The UK parliament returned to session today with prime minister Boris Johnson facing sharp questioning over what he is doing with Brexit. One former Conservative cabinet minister has crossed over to the Liberal Democrats, meaning that Johnson has lost his slim one-vote majority, though given the fluidity of the shifting alliances, whether that means anything significant is not clear. Complicating matters is that there are some people in the opposition who are not opposed to a no-deal Brexit while there are other Conservative MPs who say they are opposed to it, making the situation hard to read. Adding to the chaos is that Johnson says he is making progress on Brexit talks while EU leaders say that the talks are going nowhere. There is also confusion on whether Johnson will call for a general election on October 14, before the Brexit deadline of October 31. An election would be a gamble for all sides, since it is hard to read the mood of the electorate on this issue.
Parliament will vote later today on a motion known as Standing Order #24 (SO24), a rarely-used emergency measure that enables backbenchers to bring forward a bill, and if passed, the opposition is expected to propose a bill that prohibits the no-deal Brexit that Johnson seems to be maneuvering towards. Johnson has warned that any Conservative MP who votes against him or even abstains today will be ‘stripped of the whip’, which is parliamentary-speak meaning that they will not be eligible to be the party’s candidate in the next election. The debate on SO24 will end at 10:00 pm UK time and the vote is expected to begin at around 10:30 pm UK time.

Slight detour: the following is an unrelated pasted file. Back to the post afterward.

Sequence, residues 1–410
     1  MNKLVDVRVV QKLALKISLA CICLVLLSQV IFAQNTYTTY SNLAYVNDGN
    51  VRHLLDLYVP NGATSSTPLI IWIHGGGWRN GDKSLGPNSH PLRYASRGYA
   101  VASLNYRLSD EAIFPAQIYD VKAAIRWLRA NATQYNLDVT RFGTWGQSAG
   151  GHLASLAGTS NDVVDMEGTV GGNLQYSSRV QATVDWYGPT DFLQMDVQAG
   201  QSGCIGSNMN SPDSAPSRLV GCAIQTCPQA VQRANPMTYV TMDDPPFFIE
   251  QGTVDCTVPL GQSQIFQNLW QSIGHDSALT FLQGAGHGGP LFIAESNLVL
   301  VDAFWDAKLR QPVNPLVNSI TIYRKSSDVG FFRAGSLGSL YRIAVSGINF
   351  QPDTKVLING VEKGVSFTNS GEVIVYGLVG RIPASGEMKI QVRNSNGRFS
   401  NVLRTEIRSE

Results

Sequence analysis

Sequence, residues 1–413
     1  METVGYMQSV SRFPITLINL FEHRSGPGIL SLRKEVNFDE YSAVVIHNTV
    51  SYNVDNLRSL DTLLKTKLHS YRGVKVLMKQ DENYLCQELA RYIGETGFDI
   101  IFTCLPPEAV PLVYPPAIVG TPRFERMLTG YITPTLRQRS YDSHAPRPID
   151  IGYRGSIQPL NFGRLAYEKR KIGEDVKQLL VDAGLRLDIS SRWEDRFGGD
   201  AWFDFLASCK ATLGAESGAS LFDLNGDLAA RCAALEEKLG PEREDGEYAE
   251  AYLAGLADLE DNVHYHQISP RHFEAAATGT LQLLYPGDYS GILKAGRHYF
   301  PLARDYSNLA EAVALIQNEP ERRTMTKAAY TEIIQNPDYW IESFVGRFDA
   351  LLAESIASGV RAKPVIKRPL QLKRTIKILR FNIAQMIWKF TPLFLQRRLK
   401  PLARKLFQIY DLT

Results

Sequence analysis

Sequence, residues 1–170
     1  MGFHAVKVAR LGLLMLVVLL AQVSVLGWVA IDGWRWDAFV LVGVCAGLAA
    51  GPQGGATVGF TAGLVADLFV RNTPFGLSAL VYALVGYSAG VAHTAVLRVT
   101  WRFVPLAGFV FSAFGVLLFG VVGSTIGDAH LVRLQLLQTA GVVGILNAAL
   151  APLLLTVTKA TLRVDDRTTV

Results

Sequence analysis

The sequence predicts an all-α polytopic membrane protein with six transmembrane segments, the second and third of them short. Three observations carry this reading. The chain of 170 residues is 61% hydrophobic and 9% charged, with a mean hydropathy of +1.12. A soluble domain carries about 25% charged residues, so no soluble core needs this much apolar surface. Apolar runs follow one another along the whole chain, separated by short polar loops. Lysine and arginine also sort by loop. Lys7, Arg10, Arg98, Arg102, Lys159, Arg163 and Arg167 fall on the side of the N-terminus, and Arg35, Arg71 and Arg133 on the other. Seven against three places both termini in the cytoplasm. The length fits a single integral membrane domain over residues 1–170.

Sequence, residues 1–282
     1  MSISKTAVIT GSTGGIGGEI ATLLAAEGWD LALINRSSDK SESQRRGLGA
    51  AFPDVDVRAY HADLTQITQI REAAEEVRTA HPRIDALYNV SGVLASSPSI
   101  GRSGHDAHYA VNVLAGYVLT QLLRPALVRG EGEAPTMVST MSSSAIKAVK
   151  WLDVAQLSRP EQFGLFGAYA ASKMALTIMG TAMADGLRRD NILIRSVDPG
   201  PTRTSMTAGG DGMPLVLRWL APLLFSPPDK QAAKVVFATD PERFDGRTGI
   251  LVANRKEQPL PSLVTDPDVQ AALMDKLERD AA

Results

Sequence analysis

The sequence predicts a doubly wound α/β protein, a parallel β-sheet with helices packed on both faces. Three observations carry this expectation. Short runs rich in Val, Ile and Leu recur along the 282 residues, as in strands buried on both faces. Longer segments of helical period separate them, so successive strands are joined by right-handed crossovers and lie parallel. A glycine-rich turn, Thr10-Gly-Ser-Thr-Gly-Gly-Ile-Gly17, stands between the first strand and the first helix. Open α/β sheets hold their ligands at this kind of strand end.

[UPDATE: The motion was carried (i.e., Johnson lost) by a margin of 328 to 301. More than a dozen Conservative MPs voted against him. It looks like Johnson will call for an October general election.]
Of course, the Trump administration has to stick its nose into this. A news report today said that US vice-president Mike Pence met with the Irish taoiseach (the Irish name for the parliamentary leader) Leo Varadkar and pushed for Brexit, saying that the US would make a trade deal with the UK once they leave the EU. Of course, once the UK leaves the EU, they will be at the mercy of the US in any negotiations and you can be sure that any deal that is reached will be at the expense of the people of the UK and to the advantage of US businesses.
But Varadkar has pushed back sharply, saying that Brexit would be deeply divisive and risks the peace that has been attained between Ireland and Northern Ireland as a result of the open borders. EU sources says that Johnson has not offered any concrete alternative plan for Brexit and seems to have even softened his opposition to the creation of a hard border in Ireland, once considered a non-negotiable proposition. Johnson has said that he would meet next week with Varadkar, even though the latter has said that Ireland is not going to negotiate by itself with the UK over the issue of the backstop since that is a matter for all the 27 EU nations.
So there we are.